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Old 06-18-2015, 02:48 AM   #1
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Any Recommendations for Plexiglass/Acrylic Replacement Windows?

I'd like to replace some fixed & slider windows. As my walls aren't perfectly flat, I can't use glass, so will likely use acrylic/plexiglass. I need entire window setups including track, frame, etc.

The boat is in WA just outside of Seattle. Can anyone recommend a vendor for replacement windows? I'd love it to be local source but am willing to go elsewhere.

Thanks for the help,
Mary
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Old 06-18-2015, 06:29 AM   #2
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Have you spoken with the people at: Marine Windows. Freeman Marine Equipment, Inc. provides the finest marine and specialty closures available. Custom fabricated doors, hatches, portlights and windows.
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Old 06-18-2015, 07:48 AM   #3
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What is in there now?

My walls are pretty uneven too but shims and caulk worked. Glass will twist a tad when tightening the frames.


Any chance its not that bad?.... as it is hard to imagine the original builder used anything else and even a tough life rotting away (like my boat) wouldn't make it that bad.


Really sorry if I am insulting your experience...just hard for me to imagine the cabin is that bad.
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Old 06-18-2015, 11:52 AM   #4
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Glass is worth the PIA as it does not readily scratch as plastic will..
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Old 06-18-2015, 12:46 PM   #5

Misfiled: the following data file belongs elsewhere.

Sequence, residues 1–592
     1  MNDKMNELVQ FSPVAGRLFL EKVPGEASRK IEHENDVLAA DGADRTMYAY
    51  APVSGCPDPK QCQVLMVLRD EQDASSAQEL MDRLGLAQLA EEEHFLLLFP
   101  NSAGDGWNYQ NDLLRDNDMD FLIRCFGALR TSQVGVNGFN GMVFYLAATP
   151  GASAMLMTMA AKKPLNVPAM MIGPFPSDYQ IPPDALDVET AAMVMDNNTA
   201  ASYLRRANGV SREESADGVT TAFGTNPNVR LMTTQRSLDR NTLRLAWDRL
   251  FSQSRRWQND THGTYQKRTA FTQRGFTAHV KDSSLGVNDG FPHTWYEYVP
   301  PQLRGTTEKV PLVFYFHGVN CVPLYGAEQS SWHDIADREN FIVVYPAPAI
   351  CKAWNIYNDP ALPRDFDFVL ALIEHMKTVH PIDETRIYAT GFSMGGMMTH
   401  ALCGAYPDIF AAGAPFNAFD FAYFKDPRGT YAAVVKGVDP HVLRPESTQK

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Glass is worth the PIA as it does not readily scratch as plastic will..
What he said.
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Old 06-18-2015, 01:09 PM   #6
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Mary: Talk the people at Diamond Sea Glaze. They're just over the border.


Diamond Sea Glaze
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Old 06-18-2015, 02:55 PM   #7
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Mary: Talk the people at Diamond Sea Glaze. They're just over the border.


Diamond Sea Glaze

+1 IMO the best glazing you can buy.
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Old 06-21-2015, 12:23 AM   #8
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Believe me when I say I've investigated every possible way to install glass in the salon. I'd love to have glass but for the 4 affected windows, it ain't gonna happen. Anything I use in place of those 40 yr old windows is going to look heavenly.

I didn't realize DSG also worked with Lexan (I called them up). I'm going to get quotes from DSG & Peninsula Glass in Vancouver, WA. Freeman Marine utilizes DSG.

Thanks for the suggestions,
Mary
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Old 06-21-2015, 02:41 AM   #9
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Something I learned from TAP plastics when investigating having new venturi panels made is that Lexan is stronger than Plexiglas but it is much more susceptible to scratching. If you have to go with plastic it's better to go with Plexiglas.